• There are entries on the Disquiet Junto in the forthcoming book The Music Production Cookbook: Ready-made Recipes for the Classroom (Oxford University Press), edited by Adam Patrick Bell. Ethan Hein wrote one, and I did, too.
• At least two live group concerts by Disquiet Junto members in the San Francisco Bay Area are in the works for 2020.
• I have liner notes for a musician's solo album and an essay in a book about an art event due out. I'll announce as the release dates come into focus.
• The Disquiet Junto series of weekly communal music projects explore constraints as a springboard for creativity and productivity. There is a new project each Thursday afternoon (California time), and it is due the following Monday at 11:59pm: disquiet.com/junto.
• My book on Aphex Twin's landmark 1994 album, Selected Ambient Works Vol. II, was published as part of the 33 1/3 series, an imprint of Bloomsbury. It has been translated into Japanese (2019) and Spanish (2018).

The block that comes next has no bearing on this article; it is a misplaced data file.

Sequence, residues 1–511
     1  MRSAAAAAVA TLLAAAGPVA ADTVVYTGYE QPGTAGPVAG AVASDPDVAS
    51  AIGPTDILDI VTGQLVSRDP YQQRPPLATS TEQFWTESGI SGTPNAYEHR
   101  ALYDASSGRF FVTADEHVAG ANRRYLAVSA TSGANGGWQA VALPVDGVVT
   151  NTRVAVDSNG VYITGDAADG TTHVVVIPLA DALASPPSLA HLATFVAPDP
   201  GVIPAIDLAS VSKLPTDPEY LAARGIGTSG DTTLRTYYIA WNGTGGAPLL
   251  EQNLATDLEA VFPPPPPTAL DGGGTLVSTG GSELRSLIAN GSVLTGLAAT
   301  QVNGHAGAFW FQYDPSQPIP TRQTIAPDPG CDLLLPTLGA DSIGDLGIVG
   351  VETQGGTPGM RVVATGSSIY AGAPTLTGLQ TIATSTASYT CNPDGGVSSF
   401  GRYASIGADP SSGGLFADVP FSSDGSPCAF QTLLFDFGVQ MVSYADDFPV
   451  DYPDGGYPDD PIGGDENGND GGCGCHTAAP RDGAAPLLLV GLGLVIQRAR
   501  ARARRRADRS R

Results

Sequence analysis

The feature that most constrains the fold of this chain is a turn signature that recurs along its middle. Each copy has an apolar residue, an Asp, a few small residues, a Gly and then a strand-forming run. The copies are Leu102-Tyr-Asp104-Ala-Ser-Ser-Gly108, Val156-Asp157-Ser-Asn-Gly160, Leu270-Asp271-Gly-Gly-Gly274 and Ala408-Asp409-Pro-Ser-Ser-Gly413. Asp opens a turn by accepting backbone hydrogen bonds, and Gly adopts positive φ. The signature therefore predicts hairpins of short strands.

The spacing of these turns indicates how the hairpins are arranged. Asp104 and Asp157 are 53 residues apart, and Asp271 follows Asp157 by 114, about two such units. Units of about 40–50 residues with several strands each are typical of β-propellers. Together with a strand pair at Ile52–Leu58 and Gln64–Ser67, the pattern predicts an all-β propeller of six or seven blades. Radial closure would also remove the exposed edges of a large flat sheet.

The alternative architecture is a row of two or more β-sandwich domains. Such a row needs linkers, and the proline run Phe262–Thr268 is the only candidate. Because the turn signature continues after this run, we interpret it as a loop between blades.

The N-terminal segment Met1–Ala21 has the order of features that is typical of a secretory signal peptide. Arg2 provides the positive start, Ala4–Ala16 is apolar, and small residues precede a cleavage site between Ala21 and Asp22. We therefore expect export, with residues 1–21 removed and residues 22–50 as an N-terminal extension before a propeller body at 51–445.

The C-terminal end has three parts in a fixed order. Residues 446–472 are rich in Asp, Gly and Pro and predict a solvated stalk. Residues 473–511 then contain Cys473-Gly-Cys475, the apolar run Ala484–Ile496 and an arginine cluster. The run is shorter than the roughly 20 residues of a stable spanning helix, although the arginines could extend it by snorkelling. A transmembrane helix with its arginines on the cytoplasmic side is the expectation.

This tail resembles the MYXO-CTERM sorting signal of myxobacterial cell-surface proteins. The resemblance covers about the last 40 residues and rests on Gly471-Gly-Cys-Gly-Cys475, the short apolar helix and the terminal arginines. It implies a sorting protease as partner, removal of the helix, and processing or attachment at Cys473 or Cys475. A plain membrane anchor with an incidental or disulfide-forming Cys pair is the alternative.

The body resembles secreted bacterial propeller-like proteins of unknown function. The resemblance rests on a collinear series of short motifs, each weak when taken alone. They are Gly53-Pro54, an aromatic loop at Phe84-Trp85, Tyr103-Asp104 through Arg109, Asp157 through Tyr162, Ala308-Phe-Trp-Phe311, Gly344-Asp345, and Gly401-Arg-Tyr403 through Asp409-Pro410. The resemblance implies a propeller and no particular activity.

Most Recent Posts
Since January 2012, the Disquiet Junto has been an ongoing weekly collaborative music-making community that employs creative constraints as a springboard for creativity. Subscribe to the announcement list (each Thursday), listen to tracks by participants from around the world, read the FAQ, and join in.
• 0425 / Crop Score / The Assignment: Crop circles are musical compositions.
• 0424 / Fluctuating Rhythm / The Assignment: Employ nature as your conductor.
• 0423 / Hold Noise / The Assignment: Record music intended to sound just as garbled as the hold music on a phone call.
• 0422 / Chapter Cascade / The Assignment: Make a piece of music made up of tiny alternating parts.
• 0421 / Marquee Ghosts / The Assignment: What sounds haunt a discarded movie theater in the middle of the night?
And there is a complete list of past projects, 425 consecutive weeks to date.
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Most Recent Comments
J Simon van der Walt: "Does listening to music played live by musicians count as ‘listening’? Does..."
Jason Richardson: "Cheers Marc and thanks again for sharing this technique with the Junto community. I’ve also..."
David Neale-Lorello: "It was easy to hear Rod Serling’s voice reading your post. "
michael: "Fantastic! I found pretty much everything in the highlights reel on his website equally impressive...."
Laurent Fairon: "Hi, you might want to check Will Menter’s similar Wood Wind project of the early 2000s...."